I keep losing my cell phone and forgetting people's names. Why am I so forgetful?

by Kindra Team

Do you keep losing your cell phone? Forgetting acquaintances’ names?

Memory issues and difficulty concentrating—also referred to as “brain fog”—are common complaints among women in the months or years leading up to and during menopause.

Add mood swings and anxiety, and it’s no wonder you might feel overwhelmed by what’s happening “in your head.”

 Hormonal fluctuation and the decrease in estrogen production that comes with menopause can cause a number of symptoms including hot flashes, night sweats, weight gain, and sexual dysfunction. Though brain fog and moodiness could be attributed to normal aging and poor sleep due to night sweats, some data suggest that hormonal fluctuations might also be a contributing factor.

The good news is that other data imply that mood swings level off and memory returns to pre-menopausal function after the menopause transition. And exercise, which has been shown to have positive effects on brain activity and mental abilities, can be particularly helpful in managing brain fog. You can also improve your memory and manage your moods by staying intellectually engaged and socially connected, by maintaining a healthy diet, not smoking, and minimizing alcohol consumption. Try incorporating these suggestions into your daily routine; if possible, for support, partner with a friend.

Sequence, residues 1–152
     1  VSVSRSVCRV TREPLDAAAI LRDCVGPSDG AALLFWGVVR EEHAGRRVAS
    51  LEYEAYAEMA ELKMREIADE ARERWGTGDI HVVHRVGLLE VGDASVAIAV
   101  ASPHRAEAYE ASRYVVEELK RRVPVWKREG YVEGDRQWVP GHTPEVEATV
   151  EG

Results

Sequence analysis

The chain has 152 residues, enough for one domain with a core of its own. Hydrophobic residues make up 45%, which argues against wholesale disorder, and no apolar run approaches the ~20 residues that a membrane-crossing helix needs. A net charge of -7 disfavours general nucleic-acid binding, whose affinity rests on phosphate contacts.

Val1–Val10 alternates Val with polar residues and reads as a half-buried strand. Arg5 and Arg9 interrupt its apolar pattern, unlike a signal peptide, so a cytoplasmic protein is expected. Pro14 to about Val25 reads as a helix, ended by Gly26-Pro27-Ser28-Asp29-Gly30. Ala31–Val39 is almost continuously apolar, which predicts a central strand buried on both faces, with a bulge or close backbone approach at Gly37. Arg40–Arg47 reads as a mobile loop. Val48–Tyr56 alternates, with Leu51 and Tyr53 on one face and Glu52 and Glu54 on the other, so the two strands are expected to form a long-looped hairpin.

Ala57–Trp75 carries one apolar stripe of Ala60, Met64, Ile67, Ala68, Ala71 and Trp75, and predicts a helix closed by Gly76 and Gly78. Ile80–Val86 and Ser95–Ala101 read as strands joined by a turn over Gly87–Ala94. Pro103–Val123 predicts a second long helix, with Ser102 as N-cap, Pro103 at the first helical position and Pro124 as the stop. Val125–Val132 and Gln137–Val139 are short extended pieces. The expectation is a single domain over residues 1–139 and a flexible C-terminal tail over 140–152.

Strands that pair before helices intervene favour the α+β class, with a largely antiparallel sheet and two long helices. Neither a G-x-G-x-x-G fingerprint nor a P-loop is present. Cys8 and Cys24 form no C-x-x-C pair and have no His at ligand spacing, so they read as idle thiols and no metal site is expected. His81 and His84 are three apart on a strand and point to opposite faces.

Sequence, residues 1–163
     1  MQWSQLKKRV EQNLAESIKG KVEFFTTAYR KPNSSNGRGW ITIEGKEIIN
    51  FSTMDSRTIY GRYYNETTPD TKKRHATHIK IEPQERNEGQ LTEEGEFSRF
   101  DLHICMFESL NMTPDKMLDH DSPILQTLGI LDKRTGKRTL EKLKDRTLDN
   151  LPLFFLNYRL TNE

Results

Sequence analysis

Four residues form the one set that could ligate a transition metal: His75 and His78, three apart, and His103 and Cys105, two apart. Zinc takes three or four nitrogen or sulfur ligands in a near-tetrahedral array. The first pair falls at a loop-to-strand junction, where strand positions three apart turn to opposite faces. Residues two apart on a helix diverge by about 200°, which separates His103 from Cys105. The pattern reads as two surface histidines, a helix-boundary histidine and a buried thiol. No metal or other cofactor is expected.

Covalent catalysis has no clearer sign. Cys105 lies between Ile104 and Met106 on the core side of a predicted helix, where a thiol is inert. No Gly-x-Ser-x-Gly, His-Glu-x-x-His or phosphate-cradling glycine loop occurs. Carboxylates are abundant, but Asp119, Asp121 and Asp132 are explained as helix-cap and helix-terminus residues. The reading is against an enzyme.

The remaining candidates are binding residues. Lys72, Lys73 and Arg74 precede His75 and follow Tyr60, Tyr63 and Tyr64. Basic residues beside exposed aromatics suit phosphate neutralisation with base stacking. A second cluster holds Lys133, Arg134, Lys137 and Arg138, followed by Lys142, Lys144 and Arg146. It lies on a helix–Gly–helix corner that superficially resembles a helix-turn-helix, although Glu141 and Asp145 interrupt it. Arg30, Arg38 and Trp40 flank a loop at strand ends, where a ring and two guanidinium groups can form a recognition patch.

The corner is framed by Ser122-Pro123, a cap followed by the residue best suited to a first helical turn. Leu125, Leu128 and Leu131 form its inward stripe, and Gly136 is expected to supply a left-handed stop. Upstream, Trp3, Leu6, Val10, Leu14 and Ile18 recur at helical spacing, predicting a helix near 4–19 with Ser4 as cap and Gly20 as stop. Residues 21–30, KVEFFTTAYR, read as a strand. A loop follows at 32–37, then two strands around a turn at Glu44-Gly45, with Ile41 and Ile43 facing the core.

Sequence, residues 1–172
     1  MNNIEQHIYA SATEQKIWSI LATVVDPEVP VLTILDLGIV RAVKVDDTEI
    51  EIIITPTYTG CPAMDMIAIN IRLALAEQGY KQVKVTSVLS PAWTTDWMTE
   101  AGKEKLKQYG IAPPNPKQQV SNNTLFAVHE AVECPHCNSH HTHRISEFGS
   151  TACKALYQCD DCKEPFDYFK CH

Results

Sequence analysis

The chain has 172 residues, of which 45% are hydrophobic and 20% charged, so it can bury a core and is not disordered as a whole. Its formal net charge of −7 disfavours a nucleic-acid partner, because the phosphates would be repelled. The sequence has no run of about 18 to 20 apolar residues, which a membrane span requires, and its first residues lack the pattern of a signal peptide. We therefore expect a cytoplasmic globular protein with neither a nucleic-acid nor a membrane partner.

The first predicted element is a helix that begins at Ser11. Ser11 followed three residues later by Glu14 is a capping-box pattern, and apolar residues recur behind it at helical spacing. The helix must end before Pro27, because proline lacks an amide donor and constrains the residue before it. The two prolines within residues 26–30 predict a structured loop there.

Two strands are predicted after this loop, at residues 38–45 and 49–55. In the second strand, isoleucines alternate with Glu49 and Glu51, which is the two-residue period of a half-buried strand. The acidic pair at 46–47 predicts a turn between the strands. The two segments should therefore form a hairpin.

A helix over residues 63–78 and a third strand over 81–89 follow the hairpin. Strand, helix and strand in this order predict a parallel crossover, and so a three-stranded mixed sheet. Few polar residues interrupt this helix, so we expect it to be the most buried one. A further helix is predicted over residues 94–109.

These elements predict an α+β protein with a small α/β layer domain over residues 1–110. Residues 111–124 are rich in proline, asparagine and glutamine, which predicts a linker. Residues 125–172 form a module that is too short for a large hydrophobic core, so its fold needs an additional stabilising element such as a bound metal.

As always, if you feel your symptoms are becoming unmanageable, consult your health care provider.

Dr. Lisa Larkin is a board-certified internist practicing internal medicine and women’s health since 1991. She is the Founder and CEO of Ms. Medicine, LLC, a national membership organization for women’s health clinicians and a concierge women’s health primary care network. She is also the owner and President of Lisa Larkin, MD, and Associates, an independent, multispecialty practice offering direct primary care (DPC), concierge primary care and women’s health care in Cincinnati, Ohio. In addition, she serves as Director of Women’s Corporate Health for TriHealth, and she is the Founder and Executive Director of the Cincinnati Sexual Health Consortium, a non-profit designed to improve the sexual health and wellness of individuals in the Greater Cincinnati region through improved clinician collaboration and community outreach.

 

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